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Neuro Oncol. 2017 Jan;19(1):22-30. doi: 10.1093/neuonc/now139. Epub 2016 Jul 10.

Tyrosine receptor kinase B is a drug target in astrocytomas.

Author information

1
Department of Cancer Biology, Dana-Farber Cancer Institute, Boston, Massachusetts (J.N., S.X., V.L., Y.S., P.B., R.B., T.M.R., C.D.S., R.A.S., J.J.Z.); Department of Biological Chemistry and Molecular Pharmacology, Harvard Medical School, Boston, Massachusetts (J.N., S.X., V.L., T.M.R., J.J.Z.); Department of Medical Oncology, Dana-Farber Cancer Institute, Harvard Medical School, Boston, Massachusetts (S.H.R., R.B., K.L.L., W.C.H.); Broad Institute, Boston, Massachusetts (P.B., R.B., W.C.H.); Department of Pathology, Brigham and Women's Hospital, Boston, Massachusetts (S.H.R., K.L.L.); Department of Pathology, Boston Children's Hospital, Boston, Massachusetts (K.L.L.).
2
Department of Cancer Biology, Dana-Farber Cancer Institute, Boston, Massachusetts (J.N., S.X., V.L., Y.S., P.B., R.B., T.M.R., C.D.S., R.A.S., J.J.Z.); Department of Biological Chemistry and Molecular Pharmacology, Harvard Medical School, Boston, Massachusetts (J.N., S.X., V.L., T.M.R., J.J.Z.); Department of Medical Oncology, Dana-Farber Cancer Institute, Harvard Medical School, Boston, Massachusetts (S.H.R., R.B., K.L.L., W.C.H.); Broad Institute, Boston, Massachusetts (P.B., R.B., W.C.H.); Department of Pathology, Brigham and Women's Hospital, Boston, Massachusetts (S.H.R., K.L.L.); Department of Pathology, Boston Children's Hospital, Boston, Massachusetts (K.L.L.) jean_zhao@dfci.harvard.edu.

Abstract

BACKGROUND:

Astrocytomas are the most common primary human brain tumors. Receptor tyrosine kinases (RTKs), including tyrosine receptor kinase B (TrkB, also known as tropomyosin-related kinase B; encoded by neurotrophic tyrosine kinase receptor type 2 [NTRK2]), are frequently mutated by rearrangement/fusion in high-grade and low-grade astrocytomas. We found that activated TrkB can contribute to the development of astrocytoma and might serve as a therapeutic target in this tumor type.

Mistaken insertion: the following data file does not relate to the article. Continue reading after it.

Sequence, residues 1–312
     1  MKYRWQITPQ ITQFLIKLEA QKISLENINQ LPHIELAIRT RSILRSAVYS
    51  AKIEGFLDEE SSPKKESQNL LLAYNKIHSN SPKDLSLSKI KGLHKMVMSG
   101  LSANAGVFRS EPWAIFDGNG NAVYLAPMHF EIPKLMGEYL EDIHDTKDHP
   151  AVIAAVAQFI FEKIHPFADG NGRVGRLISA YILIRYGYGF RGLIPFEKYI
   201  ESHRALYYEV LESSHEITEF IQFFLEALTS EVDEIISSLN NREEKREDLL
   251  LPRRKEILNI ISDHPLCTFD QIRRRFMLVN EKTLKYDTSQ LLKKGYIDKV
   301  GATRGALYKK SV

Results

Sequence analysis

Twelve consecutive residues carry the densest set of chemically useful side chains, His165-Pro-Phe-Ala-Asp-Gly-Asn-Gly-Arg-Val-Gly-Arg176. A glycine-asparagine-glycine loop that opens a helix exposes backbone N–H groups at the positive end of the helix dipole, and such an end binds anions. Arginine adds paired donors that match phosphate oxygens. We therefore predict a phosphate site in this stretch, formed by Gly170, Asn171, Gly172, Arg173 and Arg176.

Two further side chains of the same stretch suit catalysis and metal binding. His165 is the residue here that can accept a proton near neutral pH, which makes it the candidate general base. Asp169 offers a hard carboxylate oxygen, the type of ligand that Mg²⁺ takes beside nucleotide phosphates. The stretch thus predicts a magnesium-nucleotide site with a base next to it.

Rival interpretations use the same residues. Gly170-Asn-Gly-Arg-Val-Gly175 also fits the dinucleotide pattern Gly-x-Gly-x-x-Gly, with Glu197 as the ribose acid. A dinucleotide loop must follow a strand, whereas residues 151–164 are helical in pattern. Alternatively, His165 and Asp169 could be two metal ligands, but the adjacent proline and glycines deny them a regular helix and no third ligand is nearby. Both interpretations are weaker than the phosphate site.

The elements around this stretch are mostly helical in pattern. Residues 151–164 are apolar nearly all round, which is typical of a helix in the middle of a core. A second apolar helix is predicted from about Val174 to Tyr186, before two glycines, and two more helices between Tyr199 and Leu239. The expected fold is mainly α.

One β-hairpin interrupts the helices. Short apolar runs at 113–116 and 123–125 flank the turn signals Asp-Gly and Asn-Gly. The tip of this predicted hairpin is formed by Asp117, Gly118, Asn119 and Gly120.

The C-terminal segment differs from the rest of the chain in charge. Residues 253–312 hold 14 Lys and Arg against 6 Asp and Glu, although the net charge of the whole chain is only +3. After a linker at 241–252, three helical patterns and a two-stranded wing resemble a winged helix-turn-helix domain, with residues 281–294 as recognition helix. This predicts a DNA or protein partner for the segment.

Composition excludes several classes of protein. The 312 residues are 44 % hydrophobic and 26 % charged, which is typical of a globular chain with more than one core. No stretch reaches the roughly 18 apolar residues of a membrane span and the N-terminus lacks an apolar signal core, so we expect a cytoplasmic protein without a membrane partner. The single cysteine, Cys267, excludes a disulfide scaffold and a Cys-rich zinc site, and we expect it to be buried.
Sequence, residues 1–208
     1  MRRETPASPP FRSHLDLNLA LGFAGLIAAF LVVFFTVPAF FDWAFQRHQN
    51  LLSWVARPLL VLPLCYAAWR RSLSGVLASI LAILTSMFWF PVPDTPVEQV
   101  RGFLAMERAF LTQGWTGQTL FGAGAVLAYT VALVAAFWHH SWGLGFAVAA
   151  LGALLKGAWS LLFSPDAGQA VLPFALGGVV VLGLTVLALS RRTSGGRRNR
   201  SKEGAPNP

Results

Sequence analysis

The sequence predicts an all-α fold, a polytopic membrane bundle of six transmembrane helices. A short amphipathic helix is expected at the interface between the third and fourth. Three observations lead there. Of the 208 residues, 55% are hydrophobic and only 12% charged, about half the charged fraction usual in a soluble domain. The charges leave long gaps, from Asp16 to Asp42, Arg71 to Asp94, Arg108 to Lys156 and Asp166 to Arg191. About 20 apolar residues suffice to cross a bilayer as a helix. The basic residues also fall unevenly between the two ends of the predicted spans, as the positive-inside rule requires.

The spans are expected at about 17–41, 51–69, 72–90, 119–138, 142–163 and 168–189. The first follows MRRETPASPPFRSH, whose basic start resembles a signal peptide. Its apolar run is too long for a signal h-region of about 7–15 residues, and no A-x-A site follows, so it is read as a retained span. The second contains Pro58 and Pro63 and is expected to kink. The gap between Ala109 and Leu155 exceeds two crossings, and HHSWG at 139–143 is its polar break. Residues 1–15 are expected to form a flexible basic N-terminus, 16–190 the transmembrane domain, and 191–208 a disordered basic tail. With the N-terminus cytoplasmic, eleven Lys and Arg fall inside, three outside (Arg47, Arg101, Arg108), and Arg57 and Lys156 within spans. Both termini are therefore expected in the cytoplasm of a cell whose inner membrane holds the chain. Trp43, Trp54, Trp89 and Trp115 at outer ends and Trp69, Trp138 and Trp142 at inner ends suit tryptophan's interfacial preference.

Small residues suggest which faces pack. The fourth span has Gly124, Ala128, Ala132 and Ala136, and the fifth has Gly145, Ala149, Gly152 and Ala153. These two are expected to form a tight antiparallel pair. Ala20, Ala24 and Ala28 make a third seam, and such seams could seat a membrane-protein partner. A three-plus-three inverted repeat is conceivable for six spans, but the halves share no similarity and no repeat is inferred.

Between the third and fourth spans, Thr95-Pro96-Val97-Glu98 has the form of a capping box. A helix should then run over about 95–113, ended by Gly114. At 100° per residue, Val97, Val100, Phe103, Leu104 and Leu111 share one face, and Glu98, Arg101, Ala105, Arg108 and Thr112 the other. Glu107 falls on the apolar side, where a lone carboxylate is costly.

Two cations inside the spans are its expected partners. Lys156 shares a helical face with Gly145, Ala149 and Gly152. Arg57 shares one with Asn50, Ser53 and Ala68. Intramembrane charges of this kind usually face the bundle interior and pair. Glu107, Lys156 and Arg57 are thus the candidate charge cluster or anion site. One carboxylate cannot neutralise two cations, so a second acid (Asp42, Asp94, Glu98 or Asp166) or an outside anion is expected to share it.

METHODS:

To identify RTKs capable of inducing astrocytoma formation, a library of human tyrosine kinases was screened for the ability to transform murine Ink4a-/-/Arf-/- astrocytes. Orthotopic allograft studies were conducted to evaluate the effects of RTKs on the development of astrocytoma. Since TrkB was identified as a driver of astrocytoma formation, the effect of the Trk inhibitors AZD1480 and RXDX-101 was assessed in astrocytoma cells expressing activated TrkB. RNA sequencing, real-time PCR, western blotting, and enzyme-linked immunosorbent assays were conducted to characterize NTRK2 in astrocytomas.

RESULTS:

Activated TrkB cooperated with Ink4a/Arf loss to induce the formation of astrocytomas through a mechanism mediated by activation of signal transducer and activator of transcription 3 (STAT3). TrkB activation positively correlated with Ccl2 expression. TrkB-induced astrocytomas remained dependent on TrkB signaling for survival, highlighting a role of NTRK2 as an addictive oncogene. Furthermore, the QKI-NTRK2 fusion associated with human astrocytoma transformed Ink4a-/-/Arf-/- astrocytes, and this process was also mediated via STAT3 signaling.

CONCLUSIONS:

Our findings provide evidence that constitutively activated NTRK2 alleles, notably the human tumor-associated QKI-NTRK2 fusion, can cooperate with Ink4a/Arf loss to drive astrocytoma formation. Therefore, we propose NTRK2 as a potential therapeutic target in the subset of astrocytoma patients defined by QKI-NTRK2 fusion.

KEYWORDS:

NTRK2 ; CCL2; QKI-NTRK2; STAT3; astrocytoma

PMID:
27402815
PMCID:
PMC5193024
DOI:
10.1093/neuonc/now139
[Indexed for MEDLINE]
Free PMC Article

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